Bold and unusual
Regular columnist James Knight looks for ways to make the world more heavenly.
Sometimes, out of the blue, I do bold and unusual things – things that I use to escape my own sin for a moment to make a point of how powerful Christianity is. Here's an example of what I mean.
I remember being in the Forum in Norwich with friends; and one friend, a sceptic of Christianity to say the least, was talking about what a troubled world God has created. I said something along the lines of: “Hey, the world is broken, but it’s human sin that has broken it, and each of us knows how we can make the world a better place”.
I then proceeded to show my friend what I meant. “Look how easy it is to make people smile and brighten up their day” I said as I took him for a quick tour of making people happy. For the next 20 minutes, we went on a happiness escapade, during which time I showed how much strangers smile when you stop them and compliment them: -
I showed him the happiness of a couple when you go into a restaurant and pay for their meal and tell them you just wanted to do something nice for them; I showed him how much better people feel about themselves when you go into their shop and say how lovely you think their art is or how much you admire their window display; and I showed him the joy of an elderly couple sitting in Hay Hill for whom I’d just bought an ice cream and told them I wanted them to accept it as a gift because they look like a lovely couple.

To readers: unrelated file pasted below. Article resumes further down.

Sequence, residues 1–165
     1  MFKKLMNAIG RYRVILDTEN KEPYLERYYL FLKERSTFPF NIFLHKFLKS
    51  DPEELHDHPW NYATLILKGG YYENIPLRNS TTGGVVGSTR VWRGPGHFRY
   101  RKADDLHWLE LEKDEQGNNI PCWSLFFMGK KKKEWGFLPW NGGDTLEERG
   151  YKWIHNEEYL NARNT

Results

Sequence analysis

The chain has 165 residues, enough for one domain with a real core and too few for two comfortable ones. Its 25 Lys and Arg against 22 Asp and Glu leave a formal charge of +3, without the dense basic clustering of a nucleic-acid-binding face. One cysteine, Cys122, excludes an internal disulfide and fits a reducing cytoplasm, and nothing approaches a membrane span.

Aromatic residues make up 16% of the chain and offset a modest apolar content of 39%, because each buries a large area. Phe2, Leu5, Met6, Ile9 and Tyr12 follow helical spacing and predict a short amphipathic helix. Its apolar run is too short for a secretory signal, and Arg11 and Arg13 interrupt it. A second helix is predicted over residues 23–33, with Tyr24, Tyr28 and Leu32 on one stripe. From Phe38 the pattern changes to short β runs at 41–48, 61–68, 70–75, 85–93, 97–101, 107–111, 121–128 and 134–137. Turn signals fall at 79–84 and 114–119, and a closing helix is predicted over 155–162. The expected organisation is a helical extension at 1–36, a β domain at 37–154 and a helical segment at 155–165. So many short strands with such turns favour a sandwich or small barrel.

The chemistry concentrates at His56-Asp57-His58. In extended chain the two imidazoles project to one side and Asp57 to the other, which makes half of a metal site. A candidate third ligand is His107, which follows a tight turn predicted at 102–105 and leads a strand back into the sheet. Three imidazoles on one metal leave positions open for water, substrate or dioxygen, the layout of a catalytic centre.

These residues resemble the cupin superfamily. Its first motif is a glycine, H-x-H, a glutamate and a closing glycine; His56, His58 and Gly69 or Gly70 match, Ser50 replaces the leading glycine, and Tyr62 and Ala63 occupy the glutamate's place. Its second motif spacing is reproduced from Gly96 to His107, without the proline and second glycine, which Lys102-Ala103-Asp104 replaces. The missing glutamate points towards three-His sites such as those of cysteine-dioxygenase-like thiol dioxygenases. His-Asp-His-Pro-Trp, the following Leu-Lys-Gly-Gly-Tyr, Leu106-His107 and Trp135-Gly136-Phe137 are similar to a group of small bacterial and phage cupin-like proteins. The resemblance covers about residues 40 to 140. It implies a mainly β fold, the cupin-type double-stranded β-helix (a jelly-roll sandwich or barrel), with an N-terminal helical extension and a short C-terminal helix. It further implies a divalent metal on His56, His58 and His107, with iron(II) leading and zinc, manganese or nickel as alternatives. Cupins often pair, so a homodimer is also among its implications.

Naturally, we can't do this sort of thing every hour of the day because we’d soon run out of money. But things like compliments, kind words and thoughtful words don’t cost anything, and they are available to us at all times, whenever we like.
Next time you’re feeling down on the world, go and do some bold and unusually lovely things for complete strangers, and you’ll see how easy it is to make people happy and brighten up their day. And, of course, it will bring joy to your own day too, because you can’t pour out happiness on others without spilling a few drops on yourself too.
I think this sort of thing is a little of what Christ means when He encourages us to pray “Thy kingdom come, thy will be done, on Earth as it is in Heaven.” Not that we could ever reconstitute an earthly world of heavenly bliss where there is no sin or suffering, but that in our honest and heartfelt prayers we don’t find it very difficult to get a sense of what we must do to make the world better than it is.
Heaven, I suppose, won’t just be the blissful reconciliation with God - it will be a full understanding of the vast gulf between divine grace and human sin, and a more lucid understanding of how much we depend on grace in the here and now.
And it's the sense of love and grace that can motivate us to do bold and unusual acts of kindness, and make earth a little bit more heavenly in the here and now.
The image above is courtesy of https://pixabay.com
James Knight is a local government officer based in Norwich, and is a regular columnist for Christian community websites Network Norfolk and Network Ipswich. He also blogs regularly as ‘The Philosophical Muser’, and contributes articles to UK think tanks The Adam Smith Institute and The Institute of Economic Affairs, as well as the London Institute for Contemporary Christianity (LICC).
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